Track session duration conversions in GA4

The other day I had a client ask me if I could add a conversion event in GA4 that fires when a user’s session lasts longer than 2 minutes. “No problem!” I said, “I should have it done before the end of this call.” I had recently set up a ‘engaged_session_3_pageviews’ event, following Jude Onyejekwe’s detailed post on pages per session conversions on I used the simple, audience-trigger based approach, which as promised took little more than 30 seconds.

Oops. Turns out that there is no way to set up an audience trigger for session duration length.

After a bit of research and a few dead ends, I returned to Jude’s post and read it through in more detail. The JavaScript he provides makes a great framework for what I needed to do. I modified his Tag Manager Custom HTML tag to push a dataLayer event and created a custom event trigger to fire on the event. From there it was a simple matter of creating a GA4 event tag and flagging the event as a conversion in GA4.

Below is a video walkthrough of the process, and below that are detailed steps.

Step 1: create the custom HTML tag in Google Tag Manager

Below is the code that goes in the tag. The only thing you may need to change is the value of the sessionDurationThreshold variable. The current value of 120 means that the conversion event will fire if a user is on the site for 120 seconds. A few more things to know about the code:
  • It keeps track of session length by setting a 1st-party cookie
  • The cookie has a duration of 30 minutes – so if the event hasn’t fired after 30 minutes from the start of a session, it will reset the start time.
  • Once the event has fired, the script sets a cookie to indicate that the threshold has been met. This prevents the script from sending multiple events for a given user.
  set the threshold for the session_duration_conv event here (in seconds)
  if a session passes this threshold, a session_duration_conv event will
  be pushed to the datalayer
var sessionDurationThreshold = 120;

function gtm_getCookie(name) {
  var cookies = decodeURIComponent(document.cookie);
  var cookiesArray = cookies.split(';');
  var cookie = cookiesArray.find(function (item) {
    return name == item.trim().substring(0, name.length);
  return cookie;

(function() {
  var startCookie = gtm_getCookie("gtm_session_start");
  var thresholdCookie = gtm_getCookie("gtm_session_threshold");
  var d1 =  new Date();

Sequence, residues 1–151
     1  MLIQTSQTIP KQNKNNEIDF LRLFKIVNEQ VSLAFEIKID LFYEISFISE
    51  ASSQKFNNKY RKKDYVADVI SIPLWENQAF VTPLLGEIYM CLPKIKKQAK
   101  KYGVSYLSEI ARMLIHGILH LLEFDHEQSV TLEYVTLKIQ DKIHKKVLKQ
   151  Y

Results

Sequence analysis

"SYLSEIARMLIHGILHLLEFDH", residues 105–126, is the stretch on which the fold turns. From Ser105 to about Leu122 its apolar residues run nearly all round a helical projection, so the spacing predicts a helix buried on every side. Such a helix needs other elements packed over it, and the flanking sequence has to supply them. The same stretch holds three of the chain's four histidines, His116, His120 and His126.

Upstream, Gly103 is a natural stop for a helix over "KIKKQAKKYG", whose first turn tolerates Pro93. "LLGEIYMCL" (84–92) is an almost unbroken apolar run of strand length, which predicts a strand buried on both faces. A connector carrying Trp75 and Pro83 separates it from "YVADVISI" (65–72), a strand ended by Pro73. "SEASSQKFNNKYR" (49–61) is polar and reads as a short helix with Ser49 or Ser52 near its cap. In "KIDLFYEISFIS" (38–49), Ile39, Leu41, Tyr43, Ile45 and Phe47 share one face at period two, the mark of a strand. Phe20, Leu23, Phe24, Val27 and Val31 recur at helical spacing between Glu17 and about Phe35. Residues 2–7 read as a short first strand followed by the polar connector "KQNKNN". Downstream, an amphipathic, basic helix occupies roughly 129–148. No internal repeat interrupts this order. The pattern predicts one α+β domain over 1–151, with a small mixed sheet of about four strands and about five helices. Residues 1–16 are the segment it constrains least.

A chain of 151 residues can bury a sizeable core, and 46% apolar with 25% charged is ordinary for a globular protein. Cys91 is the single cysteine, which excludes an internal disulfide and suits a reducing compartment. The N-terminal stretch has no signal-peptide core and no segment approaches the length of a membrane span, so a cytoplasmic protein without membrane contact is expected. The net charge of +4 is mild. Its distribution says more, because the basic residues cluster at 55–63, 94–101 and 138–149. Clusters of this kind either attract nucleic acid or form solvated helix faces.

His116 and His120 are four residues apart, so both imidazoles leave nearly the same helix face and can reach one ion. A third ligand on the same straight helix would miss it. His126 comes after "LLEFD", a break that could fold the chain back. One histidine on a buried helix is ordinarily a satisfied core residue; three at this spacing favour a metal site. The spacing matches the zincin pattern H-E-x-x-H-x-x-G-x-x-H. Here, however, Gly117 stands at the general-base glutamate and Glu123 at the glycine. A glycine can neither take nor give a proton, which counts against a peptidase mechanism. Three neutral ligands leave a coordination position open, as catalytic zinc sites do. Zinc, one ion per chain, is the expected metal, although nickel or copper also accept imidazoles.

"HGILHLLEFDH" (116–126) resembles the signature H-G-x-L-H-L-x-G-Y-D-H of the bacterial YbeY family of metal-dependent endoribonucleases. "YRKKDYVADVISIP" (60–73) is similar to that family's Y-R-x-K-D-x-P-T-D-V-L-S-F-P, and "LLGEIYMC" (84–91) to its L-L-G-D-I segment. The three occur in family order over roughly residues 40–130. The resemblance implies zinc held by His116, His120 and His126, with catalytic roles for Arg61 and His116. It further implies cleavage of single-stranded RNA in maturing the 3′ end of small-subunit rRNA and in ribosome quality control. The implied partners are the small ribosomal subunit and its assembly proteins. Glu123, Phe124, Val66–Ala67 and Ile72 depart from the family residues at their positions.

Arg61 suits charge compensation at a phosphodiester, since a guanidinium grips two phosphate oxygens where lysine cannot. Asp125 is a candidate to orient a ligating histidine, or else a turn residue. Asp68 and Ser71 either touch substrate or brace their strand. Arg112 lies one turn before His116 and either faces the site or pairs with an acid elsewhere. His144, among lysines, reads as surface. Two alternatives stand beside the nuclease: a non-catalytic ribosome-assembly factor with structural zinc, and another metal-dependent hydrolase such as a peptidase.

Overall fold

// The getTime() method returns the number of milliseconds from 
  //midnight of January 1, 1970 to the specified date
  var now = d1.getTime();
  // convert the threshold to milliseconds
  var durationThreshold = sessionDurationThreshold*1000-1;
  var cookieExpiry = new Date();
  // Set expiry time of 30 mins (in milliseconds)
  cookieExpiry.setTime(cookieExpiry.getTime() + 30 * 60 * 1000);
  var expires = "expires=" + cookieExpiry.toUTCString();
  // if no session start cookie exists, create it and be done
  if (!startCookie) {
	  document.cookie = "gtm_session_start" + "=" + now + ";" + expires + ";path=/";
  } else if (!thresholdCookie){
	  // get the start time - the slice removes the name of the cookie
	  var startTime = startCookie.trim().slice(18);
	  var elapsedTime = now - startTime;
	  if (elapsedTime > durationThreshold) {
		  window.dataLayer = window.dataLayer || [];
		  dataLayer.push({ 'event': 'session_duration_conv' });
		  // once the event has been sent, set a threshold cookie so we
		  // don't send it again
		  document.cookie = "gtm_session_threshold=true;" + expires + ";path=/";

Below is the configuration of the tag in Tag Manager. In addition to the All Pages trigger, I added History Change and Scroll Depth triggers. The website I was setting it up for uses history changes rather than full page reloads quite a bit, hence the History Change trigger. I also thought adding a scroll depth trigger was a good idea, since a user might spend a while reading a single page, then leave. My scroll depth trigger fires on 25%, 50%, 75% and 100% vertical scrolls.

screenshot cHTML tag

Step 2: add the Custom Event trigger to fire on the session_duration_conv dataLayer event

It should look like this.

Screenshot of GTM UI for adding a custom event

Step 3: create the GA4 Event tag in Tag Manager

I kept things simple and just used the same event name all the way through. Fire the tag on the trigger you just created.
gtm session duration conv event

That’s it for Tag Manager and you’re nearly done! I always recommend testing changes in Tag Assistant before publishing. When you do, you should see the Custom HTML tag firing on page views and whatever other triggers you added. Then, after your duration threshold is met, you should see the GA4 event tag fire.

Step 4: flag the event as a conversion in GA4

In GA4, go to Admin > Events and mark the event you created as a conversion. You may have to wait until the next day for it to show up.
flagging session duration conv

If you’d like help with this or any other analytics projects or tasks, reach out! We also do training.

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